Cabin-living in the Woods: Essentials Things to Consider Before Making the Move
Day by day, it seems like living in the city is just getting worse. The air is still as polluted as ever, roads congested, crime rates growing, and inequality still breeding. And as more developments arise in the metro, real estate prices spike, making homeownership harder to reach.
It isn’t helping as well that there’s a pandemic yet to be eradicated. With cases still rampant in the U.S., public places, in general, have become potentially unsafe. As such, living in the wilderness now sounds a lot more appealing.
It can be a little scary at first, especially if you love watching movies where the serial killer lives in solitude in the woods. But that’s just for the suspense, and chances are the only living beings you’ll meet in the woods are deer and bears.
Now that you’re likely considering it, don’t get too excited yet. Off-grid living, while cheaper and more peaceful, isn’t as easy as you think. So here are the critical pointers you should note before making the move:
- It might be illegal.
In most places throughout the U.S., it is actually illegal to camp on your own land longer than two weeks. To be exempted from this rule, you have to obtain a long-term camping permit from your city, and live in your tent or travel trailer while you build your cabin.
If your city refuses to issue you a camping permit, then you can only camp out for two weeks, then find another dwelling while your cabin is still undone. However, this defeats the purpose of having your own land.
Therefore, before choosing a land to purchase, consider the zoning restrictions that dictate the size of dwellings. Find out the minimum square footage requirement, and whether a cabin is an approved building type by the city or country office. And of course, don’t forget to apply for a permit before building anything.
Once you get permission for your cabin, ensure that the cabin meets international building codes. Otherwise, you’d be violating the law despite having a building permit.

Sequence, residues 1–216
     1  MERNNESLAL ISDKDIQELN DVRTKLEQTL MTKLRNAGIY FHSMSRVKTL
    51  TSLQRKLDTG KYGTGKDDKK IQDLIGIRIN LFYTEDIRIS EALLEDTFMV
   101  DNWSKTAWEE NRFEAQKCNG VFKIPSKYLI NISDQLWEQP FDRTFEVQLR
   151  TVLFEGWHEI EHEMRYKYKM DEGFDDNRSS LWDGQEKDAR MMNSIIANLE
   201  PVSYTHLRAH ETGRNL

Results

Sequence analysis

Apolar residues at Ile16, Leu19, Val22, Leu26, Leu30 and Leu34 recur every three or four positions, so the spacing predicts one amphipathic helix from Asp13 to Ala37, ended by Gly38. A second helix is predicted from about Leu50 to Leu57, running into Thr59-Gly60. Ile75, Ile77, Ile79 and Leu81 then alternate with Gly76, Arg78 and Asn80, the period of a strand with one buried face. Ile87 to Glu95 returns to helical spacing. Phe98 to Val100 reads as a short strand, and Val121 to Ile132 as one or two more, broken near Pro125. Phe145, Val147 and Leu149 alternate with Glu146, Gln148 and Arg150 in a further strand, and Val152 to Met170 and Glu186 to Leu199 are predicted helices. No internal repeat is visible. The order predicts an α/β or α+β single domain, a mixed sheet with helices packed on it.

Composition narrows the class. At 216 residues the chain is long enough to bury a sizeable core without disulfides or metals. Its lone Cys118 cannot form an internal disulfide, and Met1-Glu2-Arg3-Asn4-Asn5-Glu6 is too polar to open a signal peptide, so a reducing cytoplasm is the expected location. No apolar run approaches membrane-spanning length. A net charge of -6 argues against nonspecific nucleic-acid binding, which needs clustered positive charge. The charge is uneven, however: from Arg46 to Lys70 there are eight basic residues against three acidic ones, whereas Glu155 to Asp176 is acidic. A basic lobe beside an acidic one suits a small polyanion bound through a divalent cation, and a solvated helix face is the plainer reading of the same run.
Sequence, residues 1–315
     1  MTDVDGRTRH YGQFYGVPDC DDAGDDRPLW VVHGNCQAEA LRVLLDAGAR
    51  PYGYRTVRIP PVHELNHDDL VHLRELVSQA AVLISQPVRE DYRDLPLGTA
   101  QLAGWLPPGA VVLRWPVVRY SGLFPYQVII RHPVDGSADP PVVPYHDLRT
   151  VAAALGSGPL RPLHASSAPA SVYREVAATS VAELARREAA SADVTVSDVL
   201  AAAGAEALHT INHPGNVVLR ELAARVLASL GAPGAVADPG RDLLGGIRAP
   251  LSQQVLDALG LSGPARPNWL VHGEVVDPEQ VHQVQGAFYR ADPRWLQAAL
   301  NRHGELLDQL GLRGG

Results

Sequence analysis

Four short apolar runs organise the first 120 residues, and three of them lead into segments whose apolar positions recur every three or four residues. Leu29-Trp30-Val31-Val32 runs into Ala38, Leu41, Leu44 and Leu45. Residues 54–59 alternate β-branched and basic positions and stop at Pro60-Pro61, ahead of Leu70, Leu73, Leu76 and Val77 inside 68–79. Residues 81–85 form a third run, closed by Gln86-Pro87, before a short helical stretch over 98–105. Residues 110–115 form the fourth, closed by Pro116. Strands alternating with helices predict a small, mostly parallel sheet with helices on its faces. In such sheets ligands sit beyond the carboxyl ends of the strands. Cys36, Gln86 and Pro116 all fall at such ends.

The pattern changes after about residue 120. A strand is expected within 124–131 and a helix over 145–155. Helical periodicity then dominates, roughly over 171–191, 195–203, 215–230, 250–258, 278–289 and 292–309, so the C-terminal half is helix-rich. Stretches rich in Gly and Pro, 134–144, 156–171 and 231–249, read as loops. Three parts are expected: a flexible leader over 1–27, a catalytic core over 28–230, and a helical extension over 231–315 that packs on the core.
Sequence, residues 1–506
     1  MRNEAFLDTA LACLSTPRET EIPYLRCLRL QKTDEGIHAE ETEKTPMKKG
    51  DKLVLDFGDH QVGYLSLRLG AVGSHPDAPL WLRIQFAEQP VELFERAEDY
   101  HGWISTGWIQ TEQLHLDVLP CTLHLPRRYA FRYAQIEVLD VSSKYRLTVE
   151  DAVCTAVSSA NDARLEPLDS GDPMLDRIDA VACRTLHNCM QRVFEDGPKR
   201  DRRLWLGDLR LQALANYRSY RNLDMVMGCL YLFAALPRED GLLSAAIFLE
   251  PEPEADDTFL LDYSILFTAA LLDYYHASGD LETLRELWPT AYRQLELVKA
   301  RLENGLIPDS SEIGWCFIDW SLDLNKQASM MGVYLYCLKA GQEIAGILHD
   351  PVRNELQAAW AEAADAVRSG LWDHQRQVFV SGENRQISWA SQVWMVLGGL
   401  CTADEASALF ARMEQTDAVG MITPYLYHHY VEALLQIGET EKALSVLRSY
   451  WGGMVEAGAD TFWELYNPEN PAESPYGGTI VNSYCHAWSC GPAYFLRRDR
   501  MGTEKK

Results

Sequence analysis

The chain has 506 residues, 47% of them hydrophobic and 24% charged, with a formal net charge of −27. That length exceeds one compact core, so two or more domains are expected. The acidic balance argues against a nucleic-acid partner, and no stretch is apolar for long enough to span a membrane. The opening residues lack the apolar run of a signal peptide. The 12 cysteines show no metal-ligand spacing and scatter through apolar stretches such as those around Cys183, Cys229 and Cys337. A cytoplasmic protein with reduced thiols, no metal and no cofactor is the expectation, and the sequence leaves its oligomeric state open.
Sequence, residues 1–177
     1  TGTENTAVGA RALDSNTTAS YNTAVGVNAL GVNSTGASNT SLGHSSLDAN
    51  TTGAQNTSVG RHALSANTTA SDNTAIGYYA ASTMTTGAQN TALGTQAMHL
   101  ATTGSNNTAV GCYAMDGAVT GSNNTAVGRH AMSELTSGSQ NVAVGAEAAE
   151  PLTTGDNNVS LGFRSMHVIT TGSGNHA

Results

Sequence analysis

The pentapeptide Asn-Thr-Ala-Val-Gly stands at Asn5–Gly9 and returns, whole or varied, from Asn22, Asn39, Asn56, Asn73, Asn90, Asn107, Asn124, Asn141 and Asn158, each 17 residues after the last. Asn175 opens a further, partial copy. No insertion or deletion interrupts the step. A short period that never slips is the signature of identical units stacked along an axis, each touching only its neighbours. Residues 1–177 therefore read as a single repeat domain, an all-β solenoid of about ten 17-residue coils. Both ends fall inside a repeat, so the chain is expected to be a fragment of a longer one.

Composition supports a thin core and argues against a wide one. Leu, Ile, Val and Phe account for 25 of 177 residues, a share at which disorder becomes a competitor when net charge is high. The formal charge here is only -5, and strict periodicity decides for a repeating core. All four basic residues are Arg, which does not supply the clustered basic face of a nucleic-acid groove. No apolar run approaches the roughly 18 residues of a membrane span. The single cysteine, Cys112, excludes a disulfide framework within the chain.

- You’d spend more if you want a bigger lot size and cabin.
Naturally, bigger lands and dwellings cost more. But you can avoid spending too much by choosing the right location.
A good lot size for a cabin is 1–5 acres, and this will cost you around $20,000 to $30,000. To maximize the worth of your budget, choose among the 15 best states to live off-grid. These include Arizona, specifically the northern part, where land is cheaper and the climate comfortable. The only issue there is water; you either have to transport it to your homestead, or buy a land with water underground so you can build a well.
If that’ll be too much work for you, consider the northern part of California. There, water is readily available, and land prices and taxes are low. The more lenient laws and temperate weathers are also an advantage.
Florida is another great state, provided that you have a water source and septic system. Contrary to popular belief, off-grid living is completely legal in Florida. Living there also comes with the benefit of being allowed to use cleaner energy sources, such as solar, wind turbines, and so on. Moreover, you’re free to raise your livestock there.
- There would be no internet.
Since you’re in the middle of nowhere, there’s essentially no connectivity, but today’s technology won’t leave you completely disconnected. There are various ways to connect to the internet while you’re camping, living in the woods, or in any remote area.
The satellite internet that is good for camping would be one of your best picks. Its biggest advantage is letting you access the web even in areas that cell towers couldn’t reach. It’ll enable you to download at top speed. Some companies also offer satellite television services.
- There might be some hidden costs.
As with any home, a cabin can also pose hidden or unexpected costs. In Canada, for instance, some insurance companies won’t insure properties that are off the grid.
Some insurance companies also refuse to give coverage for off-grid electricity, because it doesn’t meet their policy’s requirements for an inhabitable property. In addition, some off-grid homes may not be serviced by fire departments. If that happens to be in an area where water is scarce, then a disaster awaits if a fire occurs.
Hence, factor in a potentially costly homeowner’s insurance to your expenses, as well as generator costs, fuel costs, firewood costs, and shipping costs for goods you can only acquire from afar.
- Quality healthcare facilities might be far away.
The nearest one in your location is probably a rural hospital, which has fewer beds and less funding. This will put you at a disadvantage if you need urgent care.
A solution to this is to have your regular supply of medicine delivered to you or to choose a location with a pharmacy nearby. If you take care of your health well, you’re not likely to be hospitalized.
These may sound a little pessimistic, but better be aware of the challenges than face them clueless. After all, you can mitigate them by preparing well, and in turn, have the best quality of life you can ever ask for.